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The selected poems of Wang Wei

Author: Wei Wang; David Hinton
Publisher: New York : New Directions Books, 2006.
Edition/Format:   Print book : EnglishView all editions and formats
Database:WorldCat
Summary:
"Wang Wei (701-761 C.E.) is often spoken of, with his contemporaries Li Po and Tu Fu, as one of the three greatest poets in China's 3,000-year poetic tradition. Of the three, Wang was the consummate master of the short imagistic landscape poem that came to typify classical Chinese poetry. He developed a nature poetry of resounding tranquility wherein deep understanding goes far beyond the words on the page--a  Read more...
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Genre/Form: Translations
Translations into English
Named Person: Wei Wang; Wei Wang
Material Type: Internet resource
Document Type: Book, Internet Resource
All Authors / Contributors: Wei Wang; David Hinton
ISBN: 0811216187 9780811216180
OCLC Number: 63231293
Notes: "A New Directions paperbook original NDP1041"--Page 4 of cover.
Description: xxi, 116 pages : map ; 23 cm
Contents: 9/9, Thinking of My Brothers East of the Mountains 1 --
Sent Far Away 2 --
Crossing the Yellow River to Clear-River District 3 --
On a Wall Tower at River-North City 4 --
Early Morning, Crossing into Whitewater-Brights 5 --
Visiting Li Yi 6 --
Pleasures of Fields and Gardens 7 --
Back Home in the Eminence Mountains 9 --
Hearing an Oriole at the Palace 10 --
Untitled 11 --
Visiting Provision-Fragrance Monastery 12 --
Playfully Written on a Flat Stone 13 --
Duke-Simpleton Valley 14 --
A Farmer 17 --
Gazing Out from the Upper Terrace, Farewell to Li 18 --
At Azure-Dragon Monastery, for Monk Cloud-Wall's ... 19 --
At Cloud Valley with Huang-fu Yueh 20 --
Drifting Down the Han River 24 --
Mourning Meng Hao-jan 25 --
Climbing to Subtle-Aware Monastery 26 --
A Thousand-Stupa Master 27 --
Traveling Pa Gorge at Dawn 28 --
A Farewell 29 --
Encountering Rain on a Mountain Walk 30 --
In the Mountains, Sent to Ch'an Brothers and Sisters 31 --
Early Autumn in the Mountains 32 --
Whole-South Mountains 33 --
Ch'i River Fields and Gardens 34 --
In Reply to P'ei Ti 35 --
Wheel-Rim River 36 --
Sent to a Monk from Buddha-Peak Monastery 51 --
East Creek, Savoring the Moon 52 --
Lingering Out Farewell with Ch'ien Ch'i 53 --
Playfully Written on the Wall at My Wheel-Rim ... 54 --
With Friends on Shen's Sutra-Study Terrace ... 55 --
At Fathom-Change Monastery, Visiting Monk ... 56 --
In the Mountains, for My Brothers 57 --
Farewell to Shen Tzu-fu, Who's Returning East of the Yangtze 58 --
On Climbing Up to P'ei Ti's Small Terrace 59 --
Dwelling among Mountains 60 --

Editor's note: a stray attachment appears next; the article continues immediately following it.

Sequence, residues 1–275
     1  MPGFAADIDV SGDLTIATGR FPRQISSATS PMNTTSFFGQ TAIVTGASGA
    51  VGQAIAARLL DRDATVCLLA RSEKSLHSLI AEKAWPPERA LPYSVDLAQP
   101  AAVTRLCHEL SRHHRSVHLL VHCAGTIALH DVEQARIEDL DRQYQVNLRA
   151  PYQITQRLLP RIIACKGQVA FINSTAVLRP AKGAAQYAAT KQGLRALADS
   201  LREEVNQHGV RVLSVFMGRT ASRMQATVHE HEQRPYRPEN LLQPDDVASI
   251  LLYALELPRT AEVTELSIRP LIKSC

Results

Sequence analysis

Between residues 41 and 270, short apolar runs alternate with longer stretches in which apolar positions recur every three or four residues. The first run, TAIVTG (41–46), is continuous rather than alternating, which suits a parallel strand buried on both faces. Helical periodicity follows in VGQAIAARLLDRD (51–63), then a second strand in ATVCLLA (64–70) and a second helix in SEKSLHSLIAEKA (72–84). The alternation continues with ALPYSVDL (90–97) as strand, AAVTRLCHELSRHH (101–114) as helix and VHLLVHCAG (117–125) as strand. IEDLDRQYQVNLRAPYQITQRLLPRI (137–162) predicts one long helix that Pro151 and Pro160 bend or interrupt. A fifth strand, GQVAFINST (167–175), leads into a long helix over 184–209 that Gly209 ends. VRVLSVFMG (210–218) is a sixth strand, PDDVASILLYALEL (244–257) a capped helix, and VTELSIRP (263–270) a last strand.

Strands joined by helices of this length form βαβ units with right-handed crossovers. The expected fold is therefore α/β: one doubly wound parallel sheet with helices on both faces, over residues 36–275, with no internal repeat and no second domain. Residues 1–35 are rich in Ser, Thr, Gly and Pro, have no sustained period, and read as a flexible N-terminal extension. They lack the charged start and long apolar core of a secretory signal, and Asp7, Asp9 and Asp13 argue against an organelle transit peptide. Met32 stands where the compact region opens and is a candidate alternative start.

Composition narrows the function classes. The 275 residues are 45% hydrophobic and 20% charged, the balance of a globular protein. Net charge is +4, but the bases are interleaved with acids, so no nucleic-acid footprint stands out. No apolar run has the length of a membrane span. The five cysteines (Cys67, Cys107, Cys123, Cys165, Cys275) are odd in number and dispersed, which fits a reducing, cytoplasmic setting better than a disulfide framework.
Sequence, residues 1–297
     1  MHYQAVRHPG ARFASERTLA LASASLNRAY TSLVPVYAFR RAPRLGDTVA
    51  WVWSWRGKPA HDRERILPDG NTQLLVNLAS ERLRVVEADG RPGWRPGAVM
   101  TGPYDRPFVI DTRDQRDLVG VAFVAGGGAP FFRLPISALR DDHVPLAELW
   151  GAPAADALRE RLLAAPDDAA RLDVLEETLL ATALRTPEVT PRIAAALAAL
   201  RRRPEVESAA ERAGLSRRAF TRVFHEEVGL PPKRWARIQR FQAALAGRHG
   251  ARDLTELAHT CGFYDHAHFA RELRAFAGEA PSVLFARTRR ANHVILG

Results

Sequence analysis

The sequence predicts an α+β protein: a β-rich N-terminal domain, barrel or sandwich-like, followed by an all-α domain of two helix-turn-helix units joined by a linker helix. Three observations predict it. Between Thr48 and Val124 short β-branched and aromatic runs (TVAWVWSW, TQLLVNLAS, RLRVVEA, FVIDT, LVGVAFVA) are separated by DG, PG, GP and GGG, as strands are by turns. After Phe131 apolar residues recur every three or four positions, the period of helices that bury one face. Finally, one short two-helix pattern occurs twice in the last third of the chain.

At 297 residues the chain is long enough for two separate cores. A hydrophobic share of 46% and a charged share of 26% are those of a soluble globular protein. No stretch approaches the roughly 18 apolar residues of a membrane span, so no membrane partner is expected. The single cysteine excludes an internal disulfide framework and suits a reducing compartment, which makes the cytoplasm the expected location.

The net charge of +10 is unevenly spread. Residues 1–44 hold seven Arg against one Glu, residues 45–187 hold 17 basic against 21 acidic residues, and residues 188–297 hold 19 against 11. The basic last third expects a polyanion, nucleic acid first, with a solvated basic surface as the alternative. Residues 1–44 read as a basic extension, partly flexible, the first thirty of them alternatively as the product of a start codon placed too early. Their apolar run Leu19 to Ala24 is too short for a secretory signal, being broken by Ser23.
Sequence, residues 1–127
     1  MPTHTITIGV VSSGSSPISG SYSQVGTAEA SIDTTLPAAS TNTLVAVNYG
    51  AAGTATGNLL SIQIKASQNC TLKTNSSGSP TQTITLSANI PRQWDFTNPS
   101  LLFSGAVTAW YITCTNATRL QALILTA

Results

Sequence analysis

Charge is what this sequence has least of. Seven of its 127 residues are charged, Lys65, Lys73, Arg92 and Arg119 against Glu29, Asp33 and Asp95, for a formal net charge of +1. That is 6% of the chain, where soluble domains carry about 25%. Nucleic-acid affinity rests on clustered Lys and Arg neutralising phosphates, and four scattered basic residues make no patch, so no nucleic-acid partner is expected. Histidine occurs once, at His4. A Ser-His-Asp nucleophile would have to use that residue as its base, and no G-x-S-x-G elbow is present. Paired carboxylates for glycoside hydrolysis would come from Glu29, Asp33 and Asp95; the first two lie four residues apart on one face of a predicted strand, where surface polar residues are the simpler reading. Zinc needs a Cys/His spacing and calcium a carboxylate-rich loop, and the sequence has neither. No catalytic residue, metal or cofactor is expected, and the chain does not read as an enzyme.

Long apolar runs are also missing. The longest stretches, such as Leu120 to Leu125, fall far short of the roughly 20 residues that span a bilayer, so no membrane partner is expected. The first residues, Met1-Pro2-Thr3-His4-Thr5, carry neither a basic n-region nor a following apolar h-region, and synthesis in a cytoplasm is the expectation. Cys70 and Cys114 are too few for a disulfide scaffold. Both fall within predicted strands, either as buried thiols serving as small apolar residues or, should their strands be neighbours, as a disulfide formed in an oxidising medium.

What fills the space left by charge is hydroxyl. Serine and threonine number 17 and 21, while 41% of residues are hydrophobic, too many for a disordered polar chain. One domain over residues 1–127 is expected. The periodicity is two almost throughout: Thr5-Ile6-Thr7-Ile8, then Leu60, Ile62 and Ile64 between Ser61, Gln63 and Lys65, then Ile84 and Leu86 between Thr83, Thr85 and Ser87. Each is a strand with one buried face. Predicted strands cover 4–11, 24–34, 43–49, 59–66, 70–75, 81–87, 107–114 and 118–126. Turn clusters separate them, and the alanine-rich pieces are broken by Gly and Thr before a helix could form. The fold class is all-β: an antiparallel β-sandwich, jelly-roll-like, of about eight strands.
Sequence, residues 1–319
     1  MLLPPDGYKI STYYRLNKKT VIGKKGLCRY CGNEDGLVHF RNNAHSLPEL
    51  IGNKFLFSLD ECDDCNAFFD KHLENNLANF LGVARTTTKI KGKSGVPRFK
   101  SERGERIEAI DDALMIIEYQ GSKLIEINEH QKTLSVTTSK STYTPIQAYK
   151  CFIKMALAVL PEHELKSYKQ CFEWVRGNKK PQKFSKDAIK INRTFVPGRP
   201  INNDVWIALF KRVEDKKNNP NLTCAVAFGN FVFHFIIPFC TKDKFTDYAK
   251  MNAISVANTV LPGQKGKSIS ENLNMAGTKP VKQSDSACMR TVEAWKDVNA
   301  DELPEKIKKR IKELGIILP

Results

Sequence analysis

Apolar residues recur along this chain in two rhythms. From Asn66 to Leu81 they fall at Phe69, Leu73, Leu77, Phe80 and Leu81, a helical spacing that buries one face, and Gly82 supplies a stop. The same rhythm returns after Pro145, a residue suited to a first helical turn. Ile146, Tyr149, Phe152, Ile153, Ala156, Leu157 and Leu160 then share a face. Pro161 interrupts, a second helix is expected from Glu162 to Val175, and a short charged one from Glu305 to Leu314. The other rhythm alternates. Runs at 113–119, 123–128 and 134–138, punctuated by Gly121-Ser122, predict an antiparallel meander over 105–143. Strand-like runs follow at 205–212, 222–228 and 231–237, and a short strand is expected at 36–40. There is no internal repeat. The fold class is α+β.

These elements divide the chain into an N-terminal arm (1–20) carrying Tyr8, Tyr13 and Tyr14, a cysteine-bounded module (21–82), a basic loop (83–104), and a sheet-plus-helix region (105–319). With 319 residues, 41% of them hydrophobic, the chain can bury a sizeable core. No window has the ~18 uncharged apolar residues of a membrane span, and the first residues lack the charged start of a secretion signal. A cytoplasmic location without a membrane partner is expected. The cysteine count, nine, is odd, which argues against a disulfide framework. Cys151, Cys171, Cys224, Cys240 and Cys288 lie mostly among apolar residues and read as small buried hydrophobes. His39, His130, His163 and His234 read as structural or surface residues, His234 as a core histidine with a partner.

A Red Peony 61 --
Setting Out from Great-Scatter Pass and Wandering ... 62 --
Wheel-Rim River, Dwelling in Idleness: For P'ei Ti 63 --
For Wei Mu 64 --
Waiting for Ch'u Kuang-i, Who Never Arrives 65 --
Recluse Li's Mountain Home 66 --
Mourning Yin Yao 67 --
Mourning Yin Yao 68 --
In Reply to Chang Yin 69 --
Rain On and On at My Wheel-Rim River Farm 70 --
In Reply to Su, Who Visited My Wheel-Rim River ... 71 --
Autumn Thoughts 72 --
A Meal with Kettle-Fold Mountain Monks 73 --
Asking K'ou About Twin Creek 74 --
Evening Landscape, Skies Blue Again 75 --
Autumn Twilight, Dwelling among Mountains 76 --
Farewell to Yuan, Who's Been Sent to An-hsi 77 --
Wandering Where Li the Mountain Recluse Lives, I ... 78 --
When I Was Under House Arrest at Bodhi Monastery ... 79 --
On Returning to Wheel-Rim River 80 --
Spring Garden 81 --
Farewell 82 --
Adrift on the Lake 83 --
In Reply to Adept Li 84 --
Azure Creek 85 --
In the Capital on a Spring Day, P'ei Ti and I Go ... 86 --
A Sigh for White Hair 87 --
In Jest, For Chang Yin 88 --
Farewell to Yang, Who's Leaving for Kuo-chou 89 --
Whole-South Mountain Hermitage 90 --
In the Mountains 91 --
At Azure-Dragon Monastery, Visiting Ch'an Master Ts'ao ... 92 --
Autumn Night, Sitting Alone 93 --
Facing Snow in Late Winter, I Think of Recluse Hu's House 94 --
High on West Tower with Wu Lang, Gazing into ... 95 --
The Way It Is 96 --
In Reply to Vice-Magistrate Chang 97 --
A Sigh for White Hair 98 --
For Ts'ui Chi-chung of P'u-yang, Who Is Moved by ... 99 --
Off-Hand Poem 100.
Other Titles: Poems.
Responsibility: translated by David Hinton.
More information:

Abstract:

"Wang Wei (701-761 C.E.) is often spoken of, with his contemporaries Li Po and Tu Fu, as one of the three greatest poets in China's 3,000-year poetic tradition. Of the three, Wang was the consummate master of the short imagistic landscape poem that came to typify classical Chinese poetry. He developed a nature poetry of resounding tranquility wherein deep understanding goes far beyond the words on the page--a poetics that can be traced to his assiduous practice of Ch'an (Zen) Buddhism. But in spite of this philosophical depth, Wang is not a difficult poet. Indeed, he may be the most immediately appealing of China's great poets, and in Hinton's masterful translations he sounds utterly contemporary. Many of his best poems are incredibly concise, composed of only twenty words, and they often turn on the tiniest details: a bird's cry, a splinter of light on moss, an egret's wingbeat. Such imagistic clarity is not surprising since Wang was also one of China's greatest landscape painters (see cover illustration). This is a breathtaking poetry, one that in true Zen fashion renders the ten thousand things of this world in such a way that they empty the self even as they shimmer with the clarity of their own self-sufficient identity."--Publisher's website.

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